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Programmers and Teachers:

# Acceleration Calculator

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## Lesson on Acceleration

#### Lesson Contents

### How to Hand Calculate Acceleration

Acceleration is defined as the rate of change of velocity for an object. In its simplest form, the equation for acceleration is given as:**a = ^{Δv}⁄_{t}**

Where

*a*is the acceleration of the object,

*Δv*is the change in velocity, and

*t*is the amount of time the change in velocity takes.

Of course, we do not always know the change in velocity and elapsed time, so we must sometimes use other equations to solve for acceleration. These equations are known as the kinematic equations. There are four kinematic equations, but only three of them can be used to solve for acceleration. After rearranging the terms in these three equations to solve for acceleration, they are given as:

1.) a = ^{(v – v0)}⁄_{t}

2.) a = ^{(v2 – v02)}⁄_{2Δx}

3.) a = ^{2(x – x0 – v0t)}⁄_{t2}

We choose a kinematic equation based on what parameters we already know. For example, if we are given the values for initial velocity (v_{0}), final velocity (v), and distance (Δx), we would use equation 2. If we are given time instead of distance, we would use equation 1.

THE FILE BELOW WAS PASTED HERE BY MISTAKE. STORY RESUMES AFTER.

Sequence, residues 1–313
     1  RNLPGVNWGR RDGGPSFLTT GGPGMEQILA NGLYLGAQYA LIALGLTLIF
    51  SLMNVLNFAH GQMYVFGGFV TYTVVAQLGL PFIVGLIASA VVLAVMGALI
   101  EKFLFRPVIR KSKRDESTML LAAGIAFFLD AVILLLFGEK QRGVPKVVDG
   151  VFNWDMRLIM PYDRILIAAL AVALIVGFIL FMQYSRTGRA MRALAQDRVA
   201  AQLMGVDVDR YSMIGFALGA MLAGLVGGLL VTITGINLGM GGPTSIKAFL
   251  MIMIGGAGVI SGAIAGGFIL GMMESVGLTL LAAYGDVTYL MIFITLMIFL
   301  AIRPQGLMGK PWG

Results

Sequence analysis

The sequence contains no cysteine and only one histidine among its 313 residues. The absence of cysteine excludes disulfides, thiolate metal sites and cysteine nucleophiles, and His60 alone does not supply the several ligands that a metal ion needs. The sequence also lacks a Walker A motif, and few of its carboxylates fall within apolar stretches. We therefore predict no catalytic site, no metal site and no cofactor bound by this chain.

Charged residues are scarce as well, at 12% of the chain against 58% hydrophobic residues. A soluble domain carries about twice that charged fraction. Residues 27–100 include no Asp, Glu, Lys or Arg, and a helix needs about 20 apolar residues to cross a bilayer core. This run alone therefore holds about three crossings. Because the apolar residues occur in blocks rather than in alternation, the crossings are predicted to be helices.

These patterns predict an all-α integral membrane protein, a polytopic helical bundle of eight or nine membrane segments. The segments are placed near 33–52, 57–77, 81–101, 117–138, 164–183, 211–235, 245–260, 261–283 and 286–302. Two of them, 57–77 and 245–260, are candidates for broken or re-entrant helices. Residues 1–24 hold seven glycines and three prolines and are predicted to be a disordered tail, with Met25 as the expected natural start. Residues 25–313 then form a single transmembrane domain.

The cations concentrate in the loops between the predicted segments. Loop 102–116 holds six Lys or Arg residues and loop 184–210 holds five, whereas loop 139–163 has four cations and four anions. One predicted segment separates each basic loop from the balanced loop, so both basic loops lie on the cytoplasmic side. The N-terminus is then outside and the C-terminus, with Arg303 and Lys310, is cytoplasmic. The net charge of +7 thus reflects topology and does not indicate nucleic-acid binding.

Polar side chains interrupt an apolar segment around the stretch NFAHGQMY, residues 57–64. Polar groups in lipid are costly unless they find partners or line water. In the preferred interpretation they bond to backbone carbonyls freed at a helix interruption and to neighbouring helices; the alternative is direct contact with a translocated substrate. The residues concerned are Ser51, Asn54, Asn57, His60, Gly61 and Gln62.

## How the Calculator Works

The calculator on this page is written in the programming language *JavaScript*. Internet browsers have a built-in JavaScript engine that can run this calculator inside the browser. This allows a near-instant calculation of the solution.

When you click the “calculate” button, the *acceleration* function runs. This function utilizes all of the equations that were listed in the lesson above. It takes the inputted numbers, applies them to the applicable formula, then rounds the answer to the fifth decimal place. The function also takes care of all unit conversions for the inputs and output.

The code also contains logic for catching errors. If the solution is not a finite number, it will throw an error and ask the user to check their inputs. There are two main reasons for invalid inputs causing an error. The first is an input that results in dividing by zero during calculations. This situation will return infinity and throw an error. The second reason is an input that contains non-number characters such as a letter. This cannot be added, subtracted, multiplied, or divided with other numbers and therefore returns an error.